D.C. Police Chief Burtell Jefferson has sent a confidential memorandum to city officials saying their proposed budget cut for his department "will raise serious questions" about the police force's ability to combat increased crime in the city.
The internal memorandum to assistant city administrator Gladys W. Mack also said the proposed $3 million cut would have to be absorbed by the loss through attrition of 138 uniformed officers. The cut would effectively freeze the hiring of new employes.
"I would be remiss for failing to point out that the alarming increase in crime . . . has grave potential impact on the quality of life for the the entire community," Jefferson said.
Major crime -- homicide, rape, robbery, for example -- increased 10 percent in the District of Columbia during 1979, according to preliminary crime statistics.
Jefferson said he had taken steps to improve the quality of service delivered by setting goals to meet these austere times. However, the reductions that are being mandated raise serious quesions about this department's ability to met this threat.
Even with the major improvements in the management of this organization," Jefferson said, "the basic tool that I have at my disposal is manpower to meet this challenge, vis-a-vis high visibility crime patrol, directed at specific crime hazards.
"There is no question that this community will experience some degradation in service, i.e., response time on calls for service, traffic enforcement and preventive patrol."
The police chief was responding to a directive from City Administrator Elijah Rogers, who last week ordered department heads to find ways to cut spending to absorb a $28 million shortage in the city's budget.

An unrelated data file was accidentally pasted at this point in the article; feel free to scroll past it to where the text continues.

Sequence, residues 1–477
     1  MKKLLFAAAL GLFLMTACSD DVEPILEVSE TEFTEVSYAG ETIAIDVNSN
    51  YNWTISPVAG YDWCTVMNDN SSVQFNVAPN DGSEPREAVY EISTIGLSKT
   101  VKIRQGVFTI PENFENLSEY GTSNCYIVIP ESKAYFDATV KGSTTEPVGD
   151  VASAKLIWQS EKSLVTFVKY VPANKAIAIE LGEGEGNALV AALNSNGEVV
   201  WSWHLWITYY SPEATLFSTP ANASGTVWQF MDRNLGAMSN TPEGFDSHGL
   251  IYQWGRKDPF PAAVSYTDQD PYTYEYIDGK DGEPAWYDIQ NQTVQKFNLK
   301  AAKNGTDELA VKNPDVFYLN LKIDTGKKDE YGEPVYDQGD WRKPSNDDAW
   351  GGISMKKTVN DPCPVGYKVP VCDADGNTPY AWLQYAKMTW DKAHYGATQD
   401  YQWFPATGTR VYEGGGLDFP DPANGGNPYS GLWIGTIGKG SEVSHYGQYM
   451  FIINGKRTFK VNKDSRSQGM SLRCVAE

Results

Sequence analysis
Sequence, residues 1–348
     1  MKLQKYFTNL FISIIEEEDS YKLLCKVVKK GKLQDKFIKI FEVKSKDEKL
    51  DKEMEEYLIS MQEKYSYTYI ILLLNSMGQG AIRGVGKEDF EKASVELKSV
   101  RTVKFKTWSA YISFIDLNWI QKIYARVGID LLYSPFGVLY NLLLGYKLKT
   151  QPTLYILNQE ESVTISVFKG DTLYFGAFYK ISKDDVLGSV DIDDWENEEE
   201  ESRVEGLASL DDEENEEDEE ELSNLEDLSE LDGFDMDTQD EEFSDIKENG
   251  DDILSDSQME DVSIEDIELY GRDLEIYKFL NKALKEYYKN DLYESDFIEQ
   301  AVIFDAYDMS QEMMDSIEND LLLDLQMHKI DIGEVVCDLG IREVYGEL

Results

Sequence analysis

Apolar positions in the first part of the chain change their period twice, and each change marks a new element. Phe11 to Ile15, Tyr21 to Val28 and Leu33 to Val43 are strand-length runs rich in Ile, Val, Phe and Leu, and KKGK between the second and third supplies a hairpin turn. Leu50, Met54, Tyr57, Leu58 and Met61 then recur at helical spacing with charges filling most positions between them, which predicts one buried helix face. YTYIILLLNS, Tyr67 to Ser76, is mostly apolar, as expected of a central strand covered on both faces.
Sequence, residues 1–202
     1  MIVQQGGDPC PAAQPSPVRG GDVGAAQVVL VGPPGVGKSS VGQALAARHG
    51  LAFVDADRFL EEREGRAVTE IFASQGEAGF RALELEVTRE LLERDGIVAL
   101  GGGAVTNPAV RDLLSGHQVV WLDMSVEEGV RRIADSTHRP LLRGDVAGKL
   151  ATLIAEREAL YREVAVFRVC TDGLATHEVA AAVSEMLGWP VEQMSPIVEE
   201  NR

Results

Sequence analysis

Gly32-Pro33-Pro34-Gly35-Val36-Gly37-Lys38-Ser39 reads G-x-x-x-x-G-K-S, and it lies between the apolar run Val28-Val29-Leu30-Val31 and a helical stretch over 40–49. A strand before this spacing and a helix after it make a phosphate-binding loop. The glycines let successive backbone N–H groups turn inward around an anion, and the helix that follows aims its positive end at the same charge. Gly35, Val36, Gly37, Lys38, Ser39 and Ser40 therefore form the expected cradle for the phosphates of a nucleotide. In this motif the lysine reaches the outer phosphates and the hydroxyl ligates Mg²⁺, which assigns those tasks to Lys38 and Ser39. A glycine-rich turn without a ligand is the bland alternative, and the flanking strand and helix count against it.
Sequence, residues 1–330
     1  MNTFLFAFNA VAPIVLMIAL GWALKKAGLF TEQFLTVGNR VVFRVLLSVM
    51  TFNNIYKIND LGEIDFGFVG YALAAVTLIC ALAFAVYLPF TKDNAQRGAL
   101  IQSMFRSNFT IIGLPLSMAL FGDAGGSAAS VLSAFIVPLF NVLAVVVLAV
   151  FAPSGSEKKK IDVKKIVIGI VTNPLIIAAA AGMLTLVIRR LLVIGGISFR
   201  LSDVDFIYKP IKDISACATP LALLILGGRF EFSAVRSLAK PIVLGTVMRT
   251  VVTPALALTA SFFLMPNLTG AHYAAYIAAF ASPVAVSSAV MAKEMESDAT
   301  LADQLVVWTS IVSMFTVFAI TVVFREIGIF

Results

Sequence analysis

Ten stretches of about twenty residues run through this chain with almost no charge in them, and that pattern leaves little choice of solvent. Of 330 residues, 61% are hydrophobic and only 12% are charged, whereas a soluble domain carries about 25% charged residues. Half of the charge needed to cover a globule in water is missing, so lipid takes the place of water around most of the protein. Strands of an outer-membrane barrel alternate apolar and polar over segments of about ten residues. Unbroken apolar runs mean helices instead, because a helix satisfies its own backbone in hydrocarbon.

Rogers said yesterday he had received Jefferson's memorandum and that "the chief has said that, if he has to absorb the cuts, this is what he would do. Whether or not we agree with the chief will have to be decided."
Rogers said that Mack will review the chif's proposed cuts and make recommendations to him. "It may change altogether," he said.
Mack said yesterday she expects to make recommendations to Rogers in the next few days.
In his memo, Jefferson said vacancies in admistrative staff will not be filled and major reductions in staff position have already occurred.
About 68.8 percent of the department's manpower is in the field operations division, which includes uniformed officers and homicide detectives, among others. There are 4,001 members of the police force, although the department has an authorized strength of 4,120.
If the department is forced to absorb the budget cuts, the force would be under 4,000 much lower than the high of 5,100 authorized in 1971.
In his memo, Jefferson also requested that $3.5 million that Congress cut out of the department's budget request last year for retirement benefits be restored. He also requested $3 million to cover a 7 percent pay raise for those in the pension program.
Since the oil crisis, the cost of gasoline for the department's fleet of cars has increased to the degree that he asked that an original request of $500,000 be increased to $629,400.
"I must again emphasize that the overtime costs ($658,400) associated with the pope's visit and Iranian student's demonstration must be recovered from the federal government if our expenses are not to exceed our fund availability," Jefferson said. "This obviously is also true of costs associated with any additional demonstrations."
A spokesman for Sen. Partick J. Leahy (D-Vt.), chairman of the D.C. appropriations subcommittee, said he didn't know if the city would be reimbursed for the overtime costs with the pope's visit and the Iranian student demonstrations.
The D.C. school board last week told the Barry administration that the board will not seek ways to cut the current school budget by nearly $8.4 million as it had been asked to do to help meet the budget shortage.
School officials said the cuts threatened textbooks and equipment purchases, court-mandated tuition grants for special education and the maintenance of buildings at projected levels.